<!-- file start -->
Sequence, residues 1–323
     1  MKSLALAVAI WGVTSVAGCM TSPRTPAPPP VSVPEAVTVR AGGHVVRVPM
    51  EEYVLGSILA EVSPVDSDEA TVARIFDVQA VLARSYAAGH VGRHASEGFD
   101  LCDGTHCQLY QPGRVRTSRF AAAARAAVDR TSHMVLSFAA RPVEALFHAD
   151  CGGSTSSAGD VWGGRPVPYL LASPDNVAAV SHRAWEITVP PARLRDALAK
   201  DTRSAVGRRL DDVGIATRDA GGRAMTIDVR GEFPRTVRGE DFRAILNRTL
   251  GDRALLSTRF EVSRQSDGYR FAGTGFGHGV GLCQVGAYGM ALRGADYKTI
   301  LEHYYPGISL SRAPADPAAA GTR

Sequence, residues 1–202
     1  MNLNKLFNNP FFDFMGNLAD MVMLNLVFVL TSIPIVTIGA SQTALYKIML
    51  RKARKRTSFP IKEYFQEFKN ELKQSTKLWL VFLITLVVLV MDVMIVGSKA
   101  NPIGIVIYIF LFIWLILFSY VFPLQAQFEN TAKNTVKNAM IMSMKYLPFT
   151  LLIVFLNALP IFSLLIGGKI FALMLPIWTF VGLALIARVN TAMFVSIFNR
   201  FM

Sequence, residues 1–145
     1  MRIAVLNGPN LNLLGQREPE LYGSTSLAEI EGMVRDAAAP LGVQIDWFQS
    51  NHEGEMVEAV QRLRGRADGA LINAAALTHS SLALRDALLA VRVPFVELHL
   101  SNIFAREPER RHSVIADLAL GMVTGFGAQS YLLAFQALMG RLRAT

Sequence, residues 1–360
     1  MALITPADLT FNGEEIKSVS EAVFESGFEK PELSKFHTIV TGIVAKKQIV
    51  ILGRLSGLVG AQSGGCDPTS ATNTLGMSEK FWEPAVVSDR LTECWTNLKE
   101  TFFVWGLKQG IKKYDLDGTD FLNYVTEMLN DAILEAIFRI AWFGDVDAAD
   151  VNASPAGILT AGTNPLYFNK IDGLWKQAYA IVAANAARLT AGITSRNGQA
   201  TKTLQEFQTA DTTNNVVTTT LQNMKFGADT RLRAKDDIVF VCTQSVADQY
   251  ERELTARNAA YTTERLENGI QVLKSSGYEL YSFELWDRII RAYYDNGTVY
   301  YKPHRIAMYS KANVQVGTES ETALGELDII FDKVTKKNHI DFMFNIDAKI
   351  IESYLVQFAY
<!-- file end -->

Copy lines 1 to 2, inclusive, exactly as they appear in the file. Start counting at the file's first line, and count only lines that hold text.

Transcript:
Sequence, residues 1–323
     1  MKSLALAVAI WGVTSVAGCM TSPRTPAPPP VSVPEAVTVR AGGHVVRVPM